Substance use. Seventeen studies reported substance use outcomes, and of these 16 found that residential treatment had a statistically significant positive effect (ie, could not be dismissed as chance findings). Five studies used the Addiction Severity Index, a semi-structured interview format for evaluating someone’s health across seven life domains (medical, employment/support, substance use, legal, family/social relationships, and psychiatric). Between baseline (before the treatment began) and follow-up, all five found a significant reduction in substance use regardless of the treatment model, population included in the study, or length of time before follow-up. Furthermore, among these five the reductions were observed in multiple studies up to the one-, three-, six- and 12-month follow-ups.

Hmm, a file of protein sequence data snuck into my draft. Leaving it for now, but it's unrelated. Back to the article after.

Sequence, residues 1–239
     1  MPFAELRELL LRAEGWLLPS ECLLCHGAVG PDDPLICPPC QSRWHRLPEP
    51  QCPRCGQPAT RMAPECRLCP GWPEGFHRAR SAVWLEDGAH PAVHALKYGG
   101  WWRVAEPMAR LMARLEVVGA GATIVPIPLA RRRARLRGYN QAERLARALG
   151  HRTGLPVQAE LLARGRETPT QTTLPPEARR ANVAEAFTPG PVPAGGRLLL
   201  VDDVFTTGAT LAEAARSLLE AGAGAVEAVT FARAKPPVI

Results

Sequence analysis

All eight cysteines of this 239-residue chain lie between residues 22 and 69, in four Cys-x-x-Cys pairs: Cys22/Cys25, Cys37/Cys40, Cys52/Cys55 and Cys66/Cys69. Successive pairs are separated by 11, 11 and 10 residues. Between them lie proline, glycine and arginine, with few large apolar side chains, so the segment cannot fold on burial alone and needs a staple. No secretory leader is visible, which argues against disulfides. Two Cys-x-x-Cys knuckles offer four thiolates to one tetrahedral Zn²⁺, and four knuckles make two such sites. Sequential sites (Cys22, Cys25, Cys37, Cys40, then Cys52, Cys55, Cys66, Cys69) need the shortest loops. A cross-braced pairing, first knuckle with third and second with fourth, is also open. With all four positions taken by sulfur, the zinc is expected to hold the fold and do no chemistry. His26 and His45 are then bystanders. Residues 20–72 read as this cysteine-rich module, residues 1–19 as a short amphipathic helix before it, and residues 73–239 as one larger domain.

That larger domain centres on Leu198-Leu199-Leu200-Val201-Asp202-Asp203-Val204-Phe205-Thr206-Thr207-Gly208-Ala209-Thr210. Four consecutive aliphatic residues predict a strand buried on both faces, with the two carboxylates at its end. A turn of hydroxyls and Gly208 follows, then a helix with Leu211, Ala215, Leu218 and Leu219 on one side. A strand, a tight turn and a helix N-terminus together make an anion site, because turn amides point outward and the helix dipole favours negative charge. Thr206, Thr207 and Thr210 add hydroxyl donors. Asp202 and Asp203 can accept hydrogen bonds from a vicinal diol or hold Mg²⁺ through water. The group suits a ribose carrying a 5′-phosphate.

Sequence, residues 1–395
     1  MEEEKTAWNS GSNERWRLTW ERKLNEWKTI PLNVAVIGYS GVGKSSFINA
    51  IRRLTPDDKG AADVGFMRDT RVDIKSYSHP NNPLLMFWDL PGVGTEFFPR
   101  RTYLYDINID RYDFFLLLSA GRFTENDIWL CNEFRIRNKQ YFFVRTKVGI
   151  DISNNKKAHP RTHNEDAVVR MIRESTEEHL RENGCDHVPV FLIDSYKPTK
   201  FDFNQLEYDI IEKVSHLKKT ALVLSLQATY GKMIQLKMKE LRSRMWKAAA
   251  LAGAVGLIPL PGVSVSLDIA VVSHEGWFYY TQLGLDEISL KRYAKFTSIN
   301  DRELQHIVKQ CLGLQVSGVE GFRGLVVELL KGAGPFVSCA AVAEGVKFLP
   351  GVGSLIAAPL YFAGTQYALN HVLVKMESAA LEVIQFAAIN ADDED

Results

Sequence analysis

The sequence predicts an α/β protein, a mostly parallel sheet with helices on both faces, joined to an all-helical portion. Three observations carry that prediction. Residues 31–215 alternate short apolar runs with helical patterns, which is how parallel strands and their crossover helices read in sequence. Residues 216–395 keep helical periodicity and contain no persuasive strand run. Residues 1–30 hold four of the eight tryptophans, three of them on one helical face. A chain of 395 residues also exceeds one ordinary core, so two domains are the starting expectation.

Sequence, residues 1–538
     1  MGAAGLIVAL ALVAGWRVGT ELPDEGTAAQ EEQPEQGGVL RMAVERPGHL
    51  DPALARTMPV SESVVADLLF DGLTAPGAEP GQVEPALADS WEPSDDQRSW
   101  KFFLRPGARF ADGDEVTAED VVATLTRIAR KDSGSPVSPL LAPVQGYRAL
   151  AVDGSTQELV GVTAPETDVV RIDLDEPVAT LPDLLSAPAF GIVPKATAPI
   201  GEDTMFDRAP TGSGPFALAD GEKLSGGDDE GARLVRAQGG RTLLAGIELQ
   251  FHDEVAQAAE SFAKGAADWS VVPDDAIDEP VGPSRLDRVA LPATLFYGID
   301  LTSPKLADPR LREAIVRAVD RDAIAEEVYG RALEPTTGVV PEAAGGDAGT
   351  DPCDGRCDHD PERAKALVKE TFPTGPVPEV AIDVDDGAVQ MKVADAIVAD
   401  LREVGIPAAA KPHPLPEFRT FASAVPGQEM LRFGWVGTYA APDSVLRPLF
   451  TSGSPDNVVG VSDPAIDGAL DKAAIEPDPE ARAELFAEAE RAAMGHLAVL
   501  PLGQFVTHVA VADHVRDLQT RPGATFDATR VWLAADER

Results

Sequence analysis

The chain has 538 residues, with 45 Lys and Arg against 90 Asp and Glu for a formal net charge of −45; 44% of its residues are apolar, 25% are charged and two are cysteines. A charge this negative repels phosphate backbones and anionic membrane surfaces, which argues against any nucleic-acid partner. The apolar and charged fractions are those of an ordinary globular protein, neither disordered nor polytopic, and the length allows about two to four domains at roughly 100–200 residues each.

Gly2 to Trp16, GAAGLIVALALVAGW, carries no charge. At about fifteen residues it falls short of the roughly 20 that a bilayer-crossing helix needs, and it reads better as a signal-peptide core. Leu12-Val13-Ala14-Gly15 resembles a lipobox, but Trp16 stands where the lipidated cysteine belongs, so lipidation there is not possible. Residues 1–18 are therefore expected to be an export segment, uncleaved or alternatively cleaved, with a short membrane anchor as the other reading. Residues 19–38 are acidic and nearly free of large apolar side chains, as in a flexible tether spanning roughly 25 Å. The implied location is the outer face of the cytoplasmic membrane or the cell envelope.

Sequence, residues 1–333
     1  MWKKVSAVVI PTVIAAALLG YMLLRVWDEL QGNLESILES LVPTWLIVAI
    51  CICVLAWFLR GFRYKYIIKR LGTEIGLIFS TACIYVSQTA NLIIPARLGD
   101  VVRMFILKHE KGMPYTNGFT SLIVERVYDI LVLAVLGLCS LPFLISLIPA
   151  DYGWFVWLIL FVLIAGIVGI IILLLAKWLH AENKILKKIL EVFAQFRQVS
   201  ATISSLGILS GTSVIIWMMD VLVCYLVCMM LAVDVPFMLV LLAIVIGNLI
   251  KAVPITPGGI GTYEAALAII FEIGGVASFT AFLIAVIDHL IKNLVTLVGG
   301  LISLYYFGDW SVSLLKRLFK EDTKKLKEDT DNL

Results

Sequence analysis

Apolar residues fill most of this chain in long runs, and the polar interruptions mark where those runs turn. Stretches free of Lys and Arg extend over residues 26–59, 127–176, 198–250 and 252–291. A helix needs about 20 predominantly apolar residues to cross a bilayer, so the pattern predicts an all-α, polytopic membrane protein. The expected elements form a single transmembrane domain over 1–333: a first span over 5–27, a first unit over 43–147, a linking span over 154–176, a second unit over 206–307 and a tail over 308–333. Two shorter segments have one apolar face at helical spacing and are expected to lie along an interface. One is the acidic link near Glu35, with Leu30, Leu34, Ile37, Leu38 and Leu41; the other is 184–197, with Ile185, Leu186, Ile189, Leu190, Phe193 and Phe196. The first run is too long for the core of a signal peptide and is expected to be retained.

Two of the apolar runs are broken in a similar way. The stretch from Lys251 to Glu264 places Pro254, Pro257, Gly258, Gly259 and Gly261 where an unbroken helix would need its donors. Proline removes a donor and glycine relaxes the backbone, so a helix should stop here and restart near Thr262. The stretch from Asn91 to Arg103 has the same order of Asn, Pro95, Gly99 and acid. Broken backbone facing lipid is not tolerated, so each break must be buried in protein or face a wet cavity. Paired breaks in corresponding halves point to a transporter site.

Mental health. Seventeen studies reported mental health outcomes such as psychological distress, post-traumatic stress disorder, depression, anxiety, stress, and general mental health – 16 finding a significant positive effect and one no significant effect. Four studies (two weak and two moderate quality) reported statistically significant improvements in Addiction Severity Index scores for mental health at follow-ups. Five studies which focused on integrated mental health treatment reported significant improvements in mental health after participants were discharged from residential treatment.